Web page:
UPDATE, SEPTEMBER 15, 2021: Rob Doyle Design and Van Geest Design now have a sub-500-gross-ton version of Project Fury. She’s the Fury 500, coming in at 499 gross tons. The designers assert that she’ll be the only sailing superyacht of this volume with a full-beam main-deck owners’ suite, akin to large motoryachts.
Read on for our original article.
What happens when two design studios are not content with the status quo in sailing superyachts, meaning limited volume for performance-oriented craft? They come up with Project Fury. Rob Doyle Design and Van Geest Design assert that this 207-footer (63-meter) has 40 percent more volume than current sailing superyachts of her size, therefore more luxury, plus “fanatical” weight reduction to go faster.
Specifically, the studios say Project Fury has a gross tonnage approaching 705. This, compared to 500 gross tons for 197- to 207-footers (60- to 63-meters). The big bump up in volume comes courtesy of a full-beam main-deck design, spanning 43’8” (13.35 meters). How? “The side decks are the most expensive square meterage space that an owner and guest rarely get to use while sailing,” the designers explain. “We have given the area back to the owner and guests.” The sail-handling equipment typically found on the side decks instead goes on the Space Deck, a.k.a. the Sky Deck. It houses pods with nav stations, plus captive winches and other gear. Guests can sun, lounge, and dine on the Space Deck, too. However, their leisure areas are separate from the sail-handling and overall control areas, for everyone’s safety.
For performance, Project Fury saves weight by eschewing roller furling booms and other equipment that the designers deem not necessary. The studios especially eliminated equipment that makes yachts overly complicated. Plus, they determined energy recovery can come from the propulsion system, impacting gensets and other supply systems. Furthermore, they specify aluminum for the hull and carbon fiber for the superstructure. A race-boat rig package and foils additionally boost performance.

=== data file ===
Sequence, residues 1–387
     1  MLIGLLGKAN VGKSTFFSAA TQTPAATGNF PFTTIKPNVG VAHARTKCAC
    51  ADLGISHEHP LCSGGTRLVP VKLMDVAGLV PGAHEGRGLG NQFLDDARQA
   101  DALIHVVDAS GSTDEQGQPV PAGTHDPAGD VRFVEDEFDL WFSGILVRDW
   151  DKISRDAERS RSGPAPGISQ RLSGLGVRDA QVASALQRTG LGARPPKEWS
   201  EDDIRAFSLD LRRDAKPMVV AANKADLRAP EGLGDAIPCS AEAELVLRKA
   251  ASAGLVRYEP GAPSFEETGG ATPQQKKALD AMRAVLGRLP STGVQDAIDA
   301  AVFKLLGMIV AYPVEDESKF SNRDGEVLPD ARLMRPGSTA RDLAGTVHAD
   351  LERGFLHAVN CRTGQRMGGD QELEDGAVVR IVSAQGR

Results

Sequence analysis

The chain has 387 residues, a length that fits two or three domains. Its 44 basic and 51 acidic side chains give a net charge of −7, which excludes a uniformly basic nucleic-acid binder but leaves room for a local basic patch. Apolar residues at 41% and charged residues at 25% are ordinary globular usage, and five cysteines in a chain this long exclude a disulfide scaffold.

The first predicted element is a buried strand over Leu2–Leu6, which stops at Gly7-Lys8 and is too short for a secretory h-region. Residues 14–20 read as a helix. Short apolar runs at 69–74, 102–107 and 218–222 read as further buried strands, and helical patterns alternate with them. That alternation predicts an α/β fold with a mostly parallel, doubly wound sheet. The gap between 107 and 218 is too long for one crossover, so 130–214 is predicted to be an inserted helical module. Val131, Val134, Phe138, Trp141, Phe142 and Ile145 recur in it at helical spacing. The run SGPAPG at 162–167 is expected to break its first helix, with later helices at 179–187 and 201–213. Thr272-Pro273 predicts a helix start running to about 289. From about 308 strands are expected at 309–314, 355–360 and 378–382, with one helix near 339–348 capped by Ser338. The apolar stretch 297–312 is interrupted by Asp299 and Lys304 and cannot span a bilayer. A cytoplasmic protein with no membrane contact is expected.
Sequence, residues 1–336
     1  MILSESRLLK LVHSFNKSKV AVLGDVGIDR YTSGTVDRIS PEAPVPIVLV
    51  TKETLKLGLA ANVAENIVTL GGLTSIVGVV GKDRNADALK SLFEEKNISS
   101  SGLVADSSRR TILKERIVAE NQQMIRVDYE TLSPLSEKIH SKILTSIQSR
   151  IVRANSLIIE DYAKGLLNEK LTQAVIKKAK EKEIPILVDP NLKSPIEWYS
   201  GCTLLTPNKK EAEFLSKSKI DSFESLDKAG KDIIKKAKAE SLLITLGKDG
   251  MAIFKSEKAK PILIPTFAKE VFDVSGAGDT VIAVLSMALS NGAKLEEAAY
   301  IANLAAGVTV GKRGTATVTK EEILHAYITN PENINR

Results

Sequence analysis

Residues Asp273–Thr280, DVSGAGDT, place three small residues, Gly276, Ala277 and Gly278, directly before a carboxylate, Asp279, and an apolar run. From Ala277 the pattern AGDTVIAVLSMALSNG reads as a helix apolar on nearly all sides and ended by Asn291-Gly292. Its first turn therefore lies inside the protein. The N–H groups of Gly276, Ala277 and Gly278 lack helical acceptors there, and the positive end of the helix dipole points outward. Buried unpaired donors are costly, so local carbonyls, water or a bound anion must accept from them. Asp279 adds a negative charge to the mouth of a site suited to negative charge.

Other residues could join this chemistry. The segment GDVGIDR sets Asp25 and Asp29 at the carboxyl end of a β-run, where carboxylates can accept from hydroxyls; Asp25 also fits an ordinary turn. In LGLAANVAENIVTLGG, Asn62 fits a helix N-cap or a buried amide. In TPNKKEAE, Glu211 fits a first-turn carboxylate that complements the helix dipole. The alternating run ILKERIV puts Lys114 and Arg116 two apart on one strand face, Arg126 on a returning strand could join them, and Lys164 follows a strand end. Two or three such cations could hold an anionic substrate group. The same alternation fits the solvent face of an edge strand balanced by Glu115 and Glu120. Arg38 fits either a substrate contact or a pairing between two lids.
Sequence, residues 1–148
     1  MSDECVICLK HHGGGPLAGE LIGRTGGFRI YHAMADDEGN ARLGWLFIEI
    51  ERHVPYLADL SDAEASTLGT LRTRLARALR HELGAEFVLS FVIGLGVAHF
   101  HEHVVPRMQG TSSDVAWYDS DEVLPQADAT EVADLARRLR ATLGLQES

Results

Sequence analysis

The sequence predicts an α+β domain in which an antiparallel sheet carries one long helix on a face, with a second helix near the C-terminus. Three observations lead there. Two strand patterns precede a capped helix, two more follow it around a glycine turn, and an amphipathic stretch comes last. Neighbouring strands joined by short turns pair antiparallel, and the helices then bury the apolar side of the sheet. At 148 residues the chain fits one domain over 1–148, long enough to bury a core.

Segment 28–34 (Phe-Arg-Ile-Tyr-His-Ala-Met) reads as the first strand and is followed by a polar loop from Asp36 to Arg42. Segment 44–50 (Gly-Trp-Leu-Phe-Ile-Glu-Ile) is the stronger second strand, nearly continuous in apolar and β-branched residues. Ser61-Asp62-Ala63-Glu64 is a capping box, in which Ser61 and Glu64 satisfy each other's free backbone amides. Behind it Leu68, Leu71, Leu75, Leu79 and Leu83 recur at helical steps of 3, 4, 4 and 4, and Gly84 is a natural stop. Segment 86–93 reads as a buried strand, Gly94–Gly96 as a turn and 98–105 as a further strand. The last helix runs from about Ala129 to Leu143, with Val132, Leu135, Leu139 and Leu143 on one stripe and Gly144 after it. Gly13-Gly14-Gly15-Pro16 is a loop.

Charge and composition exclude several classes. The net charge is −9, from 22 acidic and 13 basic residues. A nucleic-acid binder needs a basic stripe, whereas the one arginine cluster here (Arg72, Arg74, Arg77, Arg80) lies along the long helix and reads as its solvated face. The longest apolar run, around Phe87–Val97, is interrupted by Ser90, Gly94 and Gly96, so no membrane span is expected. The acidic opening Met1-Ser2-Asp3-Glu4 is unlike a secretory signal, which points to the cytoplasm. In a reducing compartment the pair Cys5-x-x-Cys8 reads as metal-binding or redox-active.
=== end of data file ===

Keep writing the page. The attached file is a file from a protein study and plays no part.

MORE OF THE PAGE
Of course, all is for naught if Project Fury lacks luxury. The full-beam master suite is nearly 1,023 square feet (92 square meters) on the main deck. It feels even more spacious due to full-beam glass facing the bow, quite unexpected. Also unexpected: two balconies and access to two foredeck pools that converts from tender bays.
With accommodations for 10 friends and family, the sailing superyacht also has a 1,399-square-foot (130-square-meter) saloon. Full-height glass makes a breakfast area here more welcoming. The galley, meanwhile, is more of a show kitchen, on the main deck as well. Add in an aft toy garage below decks for surfboards, diving gear, and more, and Project Fury might just be better named Project Passion.
On a related note, Rob Doyle Design and Van Geest Design says they’re working on even larger versions, exceeding 2,200 gross tons, due to requests.
Rob Doyle Design robdoyledesign.com
Van Geest Design vangeestdesign.com